^ I agree AND double thick the bottom. No sag that way - I'm pretty certain. Adding a center caster or 2 could create issues with balance or moving around if your floor is not flat. If you are using locking casters on the outside corners - the kind that lift up a bit to move - then I might consider simply adding a couple of post feet at the center which would sit on the floor when the casters are down but lift off the floor when the casters are engaged to be wheeled. My 2˘.

    Sam
    I agree with both of these designs. I would avoid having 5 or more casters under the cabinet. I would through bolt the casters as that will be stronger than wood screws into the plywood bottom.
    Lee Schierer
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  8. #8
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    Thanks, guys.

    I eventually took the easy route and bought two 48" steel angle irons. I'm amazed how much easier these were to drill with my new Voyager DVR Drill Press compared to my old Sears one.

    Unfortunately, even though I don't want to, I have to use wood screws to attach the casters. The design makes bolts a non-starter. Hopefully they'll hold up. I usually use bolts for these.

    There will be a 3/4" Baltic Birch plywood back, securely fastened, so that should help, as has been pointed out.
    If you drive at the speed of light, do your headlights work? - Steven Wright

    If a man points at the moon, an idiot will look at the finger.

  9. #9
    Quote Originally Posted by Alan Lightstone View Post
    ...bought two 48" steel angle irons...
    Angle iron is very poor as a beam.
    "Anything seems possible when you don't know what you're doing."

  10. #10
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    Bad plan...you will have some issues for sure if your front isn't as stiff as the back. A very substantial face frame, with a very beefed up bottom framework should work, but otherwise, the flexing will probably cause severe issues with the drawers. Not a big deal if it were just regular cabinets on the floor, but rolling around on an uneven surface....flex city.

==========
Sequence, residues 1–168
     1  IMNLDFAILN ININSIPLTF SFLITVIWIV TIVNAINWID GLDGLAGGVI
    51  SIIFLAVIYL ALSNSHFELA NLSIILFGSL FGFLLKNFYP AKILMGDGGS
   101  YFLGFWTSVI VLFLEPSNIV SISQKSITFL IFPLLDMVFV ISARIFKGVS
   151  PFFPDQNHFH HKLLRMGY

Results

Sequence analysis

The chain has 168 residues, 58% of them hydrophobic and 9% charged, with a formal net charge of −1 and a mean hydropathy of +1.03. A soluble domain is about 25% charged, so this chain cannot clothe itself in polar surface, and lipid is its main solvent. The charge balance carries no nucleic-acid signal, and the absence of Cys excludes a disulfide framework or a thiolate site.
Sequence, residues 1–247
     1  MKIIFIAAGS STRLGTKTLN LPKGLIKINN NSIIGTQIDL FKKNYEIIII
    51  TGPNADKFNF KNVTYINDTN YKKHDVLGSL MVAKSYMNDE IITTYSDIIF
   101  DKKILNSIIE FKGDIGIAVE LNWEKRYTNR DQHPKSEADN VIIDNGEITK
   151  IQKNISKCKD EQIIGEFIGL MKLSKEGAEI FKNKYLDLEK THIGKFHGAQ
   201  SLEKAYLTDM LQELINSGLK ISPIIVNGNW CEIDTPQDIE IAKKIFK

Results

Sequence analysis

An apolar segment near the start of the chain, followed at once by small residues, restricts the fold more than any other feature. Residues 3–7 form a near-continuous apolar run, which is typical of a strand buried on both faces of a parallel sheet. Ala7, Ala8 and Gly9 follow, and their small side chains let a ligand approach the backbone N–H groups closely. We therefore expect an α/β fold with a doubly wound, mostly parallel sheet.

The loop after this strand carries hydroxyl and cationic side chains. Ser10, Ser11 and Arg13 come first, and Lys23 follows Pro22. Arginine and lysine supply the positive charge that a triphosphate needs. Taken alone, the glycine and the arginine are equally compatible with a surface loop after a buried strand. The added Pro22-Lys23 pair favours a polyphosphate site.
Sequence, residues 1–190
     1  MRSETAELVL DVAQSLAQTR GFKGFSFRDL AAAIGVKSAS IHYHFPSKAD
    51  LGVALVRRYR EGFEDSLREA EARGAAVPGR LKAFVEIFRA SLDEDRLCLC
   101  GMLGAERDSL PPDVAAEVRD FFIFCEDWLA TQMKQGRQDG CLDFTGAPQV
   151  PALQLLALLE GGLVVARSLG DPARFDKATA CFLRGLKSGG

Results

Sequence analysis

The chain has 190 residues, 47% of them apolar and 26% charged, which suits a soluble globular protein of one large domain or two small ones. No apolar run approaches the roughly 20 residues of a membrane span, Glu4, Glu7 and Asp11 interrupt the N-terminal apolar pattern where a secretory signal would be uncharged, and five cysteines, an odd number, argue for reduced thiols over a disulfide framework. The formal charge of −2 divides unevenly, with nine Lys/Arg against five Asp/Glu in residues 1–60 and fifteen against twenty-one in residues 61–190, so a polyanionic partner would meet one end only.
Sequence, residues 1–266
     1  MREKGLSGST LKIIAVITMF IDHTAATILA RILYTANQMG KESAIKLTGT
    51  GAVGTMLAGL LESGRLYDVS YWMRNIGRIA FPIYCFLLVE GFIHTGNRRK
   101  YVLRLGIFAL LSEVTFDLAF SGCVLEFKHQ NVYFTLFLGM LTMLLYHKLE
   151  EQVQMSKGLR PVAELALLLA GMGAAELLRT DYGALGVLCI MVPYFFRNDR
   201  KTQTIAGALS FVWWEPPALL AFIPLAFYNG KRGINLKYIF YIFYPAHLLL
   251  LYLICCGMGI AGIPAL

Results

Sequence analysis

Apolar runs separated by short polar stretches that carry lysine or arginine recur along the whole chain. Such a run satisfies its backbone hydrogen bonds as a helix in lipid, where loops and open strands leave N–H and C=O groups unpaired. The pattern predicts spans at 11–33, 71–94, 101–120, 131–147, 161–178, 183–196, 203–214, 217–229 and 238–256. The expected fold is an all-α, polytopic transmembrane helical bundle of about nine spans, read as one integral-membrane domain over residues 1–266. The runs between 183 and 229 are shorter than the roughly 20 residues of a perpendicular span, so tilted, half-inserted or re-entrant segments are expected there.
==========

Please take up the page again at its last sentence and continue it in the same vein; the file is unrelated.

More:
Dan

  11. #11
    Many plywood suppliers carry 1 1/4 inch flooring plywood. It is ridiculously strong, made for spanning long areas without flexing. Usually found in high end homes under ceramic tile.

  12. #12
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    As Thomas said, I have used 1 1/8" flooring underlayment (plywood, not OSB) for bottoms in the shop and shed. It is really solid.

    I have also used center wheels on 6' shelving units, with no problems. My floors are pretty flat.

    I actually set one of those 6' wide, chrome wire shelving units on a 3/4 ply base with 6 wheels, and it has worked well. I have even rolled it loaded with paint supplies down a sidewalk. I drilled holes for the legs in 1x4's and screwed it to the plywood bottom so nothing would shift. I use inexpensive steel wheels from HD, 3" size I think. They won't go flat.

    I also have one of those metal storage cabinets, about 6' high, 3' wide, that sits on a plywood base with the steel wheels.
    Rick Potter

    DIY journeyman,
    FWW wannabe.
    AKA Village Idiot.

  13. #13
    Quote Originally Posted by andy bessette View Post
    Angle iron is very poor as a beam.
    But it's great as angle iron.

  14. #14
    Quote Originally Posted by johnny means View Post
    But it's great as angle iron.
    Yes, but what he needs there is a beam to restrict deflection.
    "Anything seems possible when you don't know what you're doing."

  15. #15
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    But won’t the vertical dividers work to restrict deflection? They’ll be 1-1/4” plywood securely fastened to the top and bottom. Doesn’t that tie the top into the bottom somewhat like a torsion box?

    I have several pieces of furniture that are 6’ long with drawers, built by furniture makers likely far crappier than we’re discussing, and they don’t seem to be sagging,